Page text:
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Arts Festival hometown touch

Griffin House at home at Turner Pavilion stage.


The Summer Arts Festival was missing something in 2012. There was plenty of great entertainment to be sure, but a local connection from the previous seven years was absent.

To make up for it, homecoming Friday has been moved up to July this year.

Springfield native singer-songwriter Griffin House returns to perform at Turner Pavilion in Veterans’ Park at 8 p.m. Friday, July 12, sponsored by the Springfield Arts Council.

He now lives in Nashville.

House has fond memories of past Arts Festival acts like fellow mainstays Phil Dirt and the Dozers and musicals in his youth, but never envisioned himself on stage. Now it’s a highlight of his tours.

“It’s a little surreal, but being up in front of those 5,000-6,000 people feels good,” he said. “I like that amphitheater setting.”

If things had turned out differently, House may instead be found at Windy Knoll Golf Club, Locust Hills or another area golf course instead of Turner Pavilion.

House was a dedicated golfer for North High School and spent his summers playing in tournaments, even earning a partial golf scholarship to Ohio University.

“It just didn’t feel right, so I didn’t go,” he said.

House found a new interest in theater at North, first performing in a two-person play, which taught him how to perform for an audience. Being cast as antagonist Judd in the school production of “Oklahoma!” offered his first chance to sing.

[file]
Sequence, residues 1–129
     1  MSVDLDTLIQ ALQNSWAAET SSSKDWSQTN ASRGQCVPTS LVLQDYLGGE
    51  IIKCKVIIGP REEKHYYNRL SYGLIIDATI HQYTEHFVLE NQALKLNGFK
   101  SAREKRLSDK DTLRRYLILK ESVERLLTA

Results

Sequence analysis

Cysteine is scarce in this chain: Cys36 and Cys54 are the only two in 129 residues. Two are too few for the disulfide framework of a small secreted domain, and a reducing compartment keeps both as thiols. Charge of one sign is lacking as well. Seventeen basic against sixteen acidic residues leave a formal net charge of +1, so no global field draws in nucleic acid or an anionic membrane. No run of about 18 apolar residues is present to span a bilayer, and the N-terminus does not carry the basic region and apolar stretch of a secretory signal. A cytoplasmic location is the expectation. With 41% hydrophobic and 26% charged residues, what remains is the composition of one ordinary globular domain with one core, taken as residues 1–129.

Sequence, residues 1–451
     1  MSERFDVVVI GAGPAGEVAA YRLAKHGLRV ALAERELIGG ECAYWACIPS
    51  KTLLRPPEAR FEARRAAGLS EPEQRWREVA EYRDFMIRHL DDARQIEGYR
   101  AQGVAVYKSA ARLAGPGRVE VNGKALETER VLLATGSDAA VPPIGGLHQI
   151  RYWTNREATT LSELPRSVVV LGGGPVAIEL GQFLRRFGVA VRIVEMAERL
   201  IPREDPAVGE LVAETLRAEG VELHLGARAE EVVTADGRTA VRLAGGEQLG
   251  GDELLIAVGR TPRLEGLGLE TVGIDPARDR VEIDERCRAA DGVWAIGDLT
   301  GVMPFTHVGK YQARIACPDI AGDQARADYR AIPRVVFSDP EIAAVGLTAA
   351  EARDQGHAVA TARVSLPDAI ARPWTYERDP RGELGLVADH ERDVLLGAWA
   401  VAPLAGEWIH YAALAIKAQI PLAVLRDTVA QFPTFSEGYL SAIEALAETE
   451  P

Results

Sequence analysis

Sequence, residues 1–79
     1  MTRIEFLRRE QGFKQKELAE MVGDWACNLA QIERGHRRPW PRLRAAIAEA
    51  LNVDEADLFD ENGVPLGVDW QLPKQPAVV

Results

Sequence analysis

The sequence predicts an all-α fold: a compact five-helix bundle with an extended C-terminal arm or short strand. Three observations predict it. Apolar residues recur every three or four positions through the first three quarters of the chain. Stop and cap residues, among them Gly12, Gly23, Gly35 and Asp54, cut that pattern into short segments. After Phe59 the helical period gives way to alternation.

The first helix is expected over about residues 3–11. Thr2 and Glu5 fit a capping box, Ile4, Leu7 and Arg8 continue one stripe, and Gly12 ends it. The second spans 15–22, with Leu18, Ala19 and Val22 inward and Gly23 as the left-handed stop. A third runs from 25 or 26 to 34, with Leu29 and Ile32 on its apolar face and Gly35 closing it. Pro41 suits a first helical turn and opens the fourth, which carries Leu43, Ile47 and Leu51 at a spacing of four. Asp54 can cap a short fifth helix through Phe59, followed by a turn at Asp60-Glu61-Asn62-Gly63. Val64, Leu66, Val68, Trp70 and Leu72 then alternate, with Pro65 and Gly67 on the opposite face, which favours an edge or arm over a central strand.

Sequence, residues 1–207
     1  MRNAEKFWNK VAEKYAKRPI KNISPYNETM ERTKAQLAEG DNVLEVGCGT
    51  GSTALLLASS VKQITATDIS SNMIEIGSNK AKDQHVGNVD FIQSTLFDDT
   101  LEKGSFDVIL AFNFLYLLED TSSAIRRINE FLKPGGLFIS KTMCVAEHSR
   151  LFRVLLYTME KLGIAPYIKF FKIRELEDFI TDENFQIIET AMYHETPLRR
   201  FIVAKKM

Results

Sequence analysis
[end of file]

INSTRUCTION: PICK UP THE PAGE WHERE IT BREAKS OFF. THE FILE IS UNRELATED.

It’s strange to hear an accomplished singer and musician admit to being unconfident early on, but House said it took time to establish his stage presence and voice. He recalls listening to the “Oklahoma!” soundtrack trying hard to get it right.

Encouragement from teachers and friends brought out the best in House. “I just enjoyed those plays so much.”

It wasn’t until attending Miami University that House truly found his voice and his talent. He bought a guitar and joined a band.

He also could have ended up a creative writing professor. One of his professors suggested he combine his love of poetry and music, and now eight CDs and two EPs later, House is where he wants to be.

House doesn’t like to say his music is one specific genre, giving Americana as the closest. He likes to be open to everything. “One word means different things to different people. I like being known as a singer-songwriter.”

House’s latest CD, “Balls,” came out in February. His song “Real Love Can’t Pretend” has become a fixture on Sirius XM’s Coffee House channel, while “Go Through It” is getting airplay on Sirius’s Loft channel.

Given when the CD came out, House found it ironic that two of his songs became timely following a huge news event a couple of months later. “Lay Down Your Guns,” a song about disarmament, and Fenway, named after the home stadium of the Boston Red Sox, prefigured the tragic bombings at the Boston Marathon.

Springfield is the first stop on a tour that will take House across the country. He may take some time out in August when his second child is due to arrive. Then it’s back on the road this fall with his electric and acoustic guitars, a bass player and drummer.

Starting in his hometown is the perfect start.

“I grew up here. I feel attached. I’m home.”



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